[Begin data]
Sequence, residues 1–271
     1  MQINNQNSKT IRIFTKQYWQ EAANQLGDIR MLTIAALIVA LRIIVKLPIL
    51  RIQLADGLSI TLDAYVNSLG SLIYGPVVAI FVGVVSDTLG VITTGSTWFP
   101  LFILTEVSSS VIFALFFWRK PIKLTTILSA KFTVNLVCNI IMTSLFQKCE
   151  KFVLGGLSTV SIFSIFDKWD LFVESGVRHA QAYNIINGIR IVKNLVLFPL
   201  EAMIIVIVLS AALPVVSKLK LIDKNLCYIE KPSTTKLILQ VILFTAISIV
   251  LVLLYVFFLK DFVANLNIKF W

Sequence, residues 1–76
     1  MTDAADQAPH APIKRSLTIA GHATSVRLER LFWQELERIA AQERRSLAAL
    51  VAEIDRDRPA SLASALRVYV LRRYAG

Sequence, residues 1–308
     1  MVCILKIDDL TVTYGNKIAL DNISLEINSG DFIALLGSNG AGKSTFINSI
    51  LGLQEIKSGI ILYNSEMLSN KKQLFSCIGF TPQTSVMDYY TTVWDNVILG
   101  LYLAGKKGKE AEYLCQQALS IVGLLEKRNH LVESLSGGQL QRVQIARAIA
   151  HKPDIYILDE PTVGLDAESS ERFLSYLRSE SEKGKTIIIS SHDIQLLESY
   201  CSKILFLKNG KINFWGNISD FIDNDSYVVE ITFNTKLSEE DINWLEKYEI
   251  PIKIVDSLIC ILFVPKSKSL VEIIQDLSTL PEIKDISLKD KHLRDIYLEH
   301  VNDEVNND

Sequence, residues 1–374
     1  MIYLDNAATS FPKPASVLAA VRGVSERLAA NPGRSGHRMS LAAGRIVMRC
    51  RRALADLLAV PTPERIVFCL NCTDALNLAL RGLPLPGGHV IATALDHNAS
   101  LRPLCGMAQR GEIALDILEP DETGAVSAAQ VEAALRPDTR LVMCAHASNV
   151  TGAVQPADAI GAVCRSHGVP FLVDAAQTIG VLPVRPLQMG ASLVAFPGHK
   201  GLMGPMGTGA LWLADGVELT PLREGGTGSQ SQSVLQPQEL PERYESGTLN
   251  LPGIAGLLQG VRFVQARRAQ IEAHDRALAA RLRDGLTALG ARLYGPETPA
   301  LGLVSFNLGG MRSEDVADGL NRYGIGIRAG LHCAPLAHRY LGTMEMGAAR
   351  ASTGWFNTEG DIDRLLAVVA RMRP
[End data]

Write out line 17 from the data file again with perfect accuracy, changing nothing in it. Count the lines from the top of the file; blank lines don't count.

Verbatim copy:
   251  PIKIVDSLIC ILFVPKSKSL VEIIQDLSTL PEIKDISLKD KHLRDIYLEH